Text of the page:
Mythologist | Author | Speaker | Illustrator

July 22, 2011

First published July 21, 2011

 in Devlok

Muscle Marie

Published in Devlok, Sunday Midday on May 02, 2011.

Once upon a time Bollywood heroes were noble and pensive. Then they became delightful dancing heroes. Then they became angry young men. Then came the stud muffins, strong men who loved to flaunt their sexuality and gym-toned bodies. And now, slowly, one is witnessing the rise of the Muscle Marie: muscled macho heroes who sell fairness creams to young men, so that they do not get tanned in the sun. Takes metrosexuality to another level.

Indians have always been colorists: we love white skin. The most venerated beauty was called a-surya-sparshya, the one who has never been touched by the sun. It referred to women who were privileged enough never to work outdoors in the sun. Such women were highly prized and much in demand.

Today, we have broken free from such sexist attitudes. Women are stepping out to work in the sun and men are flaunting their fairness creams. Nothing wrong with that, except that color has always been a contentious issue in India. The child with dark skin always suffers, denied love and attention by family, society and now, media.

The British popularized the Aryan Invasion Theory that claims white-skinned chariot-riding hymn-chanting tribes rode into India and pushed back or enslaved dark-skinned natives, who moved south or were reduced to ‘lower’ castes. Their theory in some measure was based on the observation that Indians preferred light-skinned children over dark-skinned children. The former got more resources than the latter. In fact, members of the upper castes and classes were generally fairer, because of genetics, ensured by securing fair brides, and also because of the privilege of not having to work in the sun.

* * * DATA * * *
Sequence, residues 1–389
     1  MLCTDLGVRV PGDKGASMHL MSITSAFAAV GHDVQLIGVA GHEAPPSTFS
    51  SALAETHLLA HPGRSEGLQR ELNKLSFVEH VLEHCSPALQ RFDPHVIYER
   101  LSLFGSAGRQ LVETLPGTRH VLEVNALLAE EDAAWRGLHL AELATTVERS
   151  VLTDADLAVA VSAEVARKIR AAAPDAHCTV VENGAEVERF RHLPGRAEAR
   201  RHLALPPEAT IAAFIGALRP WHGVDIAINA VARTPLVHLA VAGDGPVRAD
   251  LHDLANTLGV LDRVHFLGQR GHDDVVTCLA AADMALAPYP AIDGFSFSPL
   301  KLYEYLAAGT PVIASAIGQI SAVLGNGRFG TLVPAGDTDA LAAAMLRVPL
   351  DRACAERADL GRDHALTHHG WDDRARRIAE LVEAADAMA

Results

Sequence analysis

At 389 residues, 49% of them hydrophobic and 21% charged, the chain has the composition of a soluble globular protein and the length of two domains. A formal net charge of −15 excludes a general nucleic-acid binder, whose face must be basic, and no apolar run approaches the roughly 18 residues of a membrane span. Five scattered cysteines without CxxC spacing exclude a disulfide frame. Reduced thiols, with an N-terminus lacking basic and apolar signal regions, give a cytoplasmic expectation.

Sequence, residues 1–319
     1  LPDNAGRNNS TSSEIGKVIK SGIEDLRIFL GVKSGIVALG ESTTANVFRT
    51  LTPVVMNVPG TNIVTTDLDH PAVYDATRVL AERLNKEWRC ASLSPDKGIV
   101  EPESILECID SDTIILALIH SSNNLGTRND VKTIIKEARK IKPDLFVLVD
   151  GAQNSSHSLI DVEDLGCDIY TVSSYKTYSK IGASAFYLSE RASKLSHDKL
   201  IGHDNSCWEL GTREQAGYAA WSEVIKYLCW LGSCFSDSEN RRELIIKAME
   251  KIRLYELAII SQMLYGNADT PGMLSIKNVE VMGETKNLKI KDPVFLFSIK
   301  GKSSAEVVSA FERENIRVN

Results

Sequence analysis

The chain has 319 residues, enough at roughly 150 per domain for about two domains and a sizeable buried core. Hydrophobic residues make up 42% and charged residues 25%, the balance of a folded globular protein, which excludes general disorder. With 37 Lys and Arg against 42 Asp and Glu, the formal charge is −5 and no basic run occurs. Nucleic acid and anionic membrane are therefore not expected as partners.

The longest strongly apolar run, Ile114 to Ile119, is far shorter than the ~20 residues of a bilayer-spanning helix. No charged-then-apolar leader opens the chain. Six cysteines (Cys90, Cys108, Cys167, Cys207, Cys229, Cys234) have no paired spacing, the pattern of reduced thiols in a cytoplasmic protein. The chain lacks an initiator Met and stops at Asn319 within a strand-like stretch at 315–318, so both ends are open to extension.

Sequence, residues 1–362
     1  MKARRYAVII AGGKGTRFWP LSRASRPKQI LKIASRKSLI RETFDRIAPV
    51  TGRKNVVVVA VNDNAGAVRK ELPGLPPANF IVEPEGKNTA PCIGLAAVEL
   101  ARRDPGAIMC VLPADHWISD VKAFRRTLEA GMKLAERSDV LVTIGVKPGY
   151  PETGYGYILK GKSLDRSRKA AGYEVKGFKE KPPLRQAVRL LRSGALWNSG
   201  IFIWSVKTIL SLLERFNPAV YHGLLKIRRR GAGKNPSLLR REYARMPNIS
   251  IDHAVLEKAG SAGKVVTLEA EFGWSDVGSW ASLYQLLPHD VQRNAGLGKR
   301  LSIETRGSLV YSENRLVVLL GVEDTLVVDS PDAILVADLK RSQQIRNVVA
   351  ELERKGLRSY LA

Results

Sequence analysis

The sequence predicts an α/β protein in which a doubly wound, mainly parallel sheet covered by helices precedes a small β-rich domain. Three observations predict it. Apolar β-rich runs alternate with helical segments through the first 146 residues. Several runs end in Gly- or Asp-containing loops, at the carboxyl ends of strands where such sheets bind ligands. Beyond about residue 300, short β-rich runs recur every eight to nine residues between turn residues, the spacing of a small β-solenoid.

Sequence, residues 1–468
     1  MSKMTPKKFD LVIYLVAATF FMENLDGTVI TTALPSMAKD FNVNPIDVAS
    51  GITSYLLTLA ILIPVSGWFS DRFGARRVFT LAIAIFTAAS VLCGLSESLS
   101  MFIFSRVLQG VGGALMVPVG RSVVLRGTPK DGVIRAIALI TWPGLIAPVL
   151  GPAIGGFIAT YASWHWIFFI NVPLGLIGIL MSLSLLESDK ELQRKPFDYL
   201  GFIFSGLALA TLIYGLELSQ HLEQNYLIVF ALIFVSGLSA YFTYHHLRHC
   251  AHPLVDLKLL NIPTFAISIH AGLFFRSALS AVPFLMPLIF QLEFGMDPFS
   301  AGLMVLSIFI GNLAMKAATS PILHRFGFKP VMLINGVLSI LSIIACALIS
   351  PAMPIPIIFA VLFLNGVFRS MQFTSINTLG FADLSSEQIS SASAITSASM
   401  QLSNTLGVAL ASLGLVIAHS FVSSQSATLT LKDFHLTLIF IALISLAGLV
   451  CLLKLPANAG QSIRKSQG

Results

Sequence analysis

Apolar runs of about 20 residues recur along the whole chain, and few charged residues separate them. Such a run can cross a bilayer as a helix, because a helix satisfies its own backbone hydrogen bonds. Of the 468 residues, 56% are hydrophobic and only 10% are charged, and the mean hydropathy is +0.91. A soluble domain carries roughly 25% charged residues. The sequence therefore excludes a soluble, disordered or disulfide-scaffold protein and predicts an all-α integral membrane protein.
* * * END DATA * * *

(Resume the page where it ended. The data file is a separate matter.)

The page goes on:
The British also observed that Hindus have a god whose names Shyam and Krishna means black, but who is always painted and described as blue. When asked, defensive and metaphysical explanations were always offered. They also observed that the frightening blood thristy goddess was called Kali, the dark-one, while the gentle form of the goddess was called Gauri, the fair-one. The happy gurgling river-goddess Ganga was described as fair while the unhappy mournful river-goddess Yamuna was described as dark. Shiva has two forms, the fierce Kala-Bhairava, who is offered alchohol and hemp and the gentle Gora-Bhairava, who is offered milk and sweets.

I wonder if advertisements celebrating fairness creams are prescribing color prejudices or simply profiting by reaffirming a deep seated cultural color prejudice? Is it ok to take advantage of cultural bias? Surely it is, in a capitalist economy? We are a country that has a long tradition of ‘snow and powder’ cosmetics.

Is it ok for Bollywood stars, worshipped by the masses, to endorse such color prejudice? Are they simply being professional, doing it for the money? Must they then be taken seriously next time they stand up for a social cause — against corruption or terrorism? Maybe they are also doing that for money? And why should they not do it for money? If they won’t someone else will. And why is the government which bans alcohol advertisements and cigarette advertisements, and taxes them heavily, not consider banning these ads or taxing them heavily? Is it because they believe color is too shallow an issue and so not injurious to health? Just speak to psychiatrists and find out.

Recent Books

Recent Posts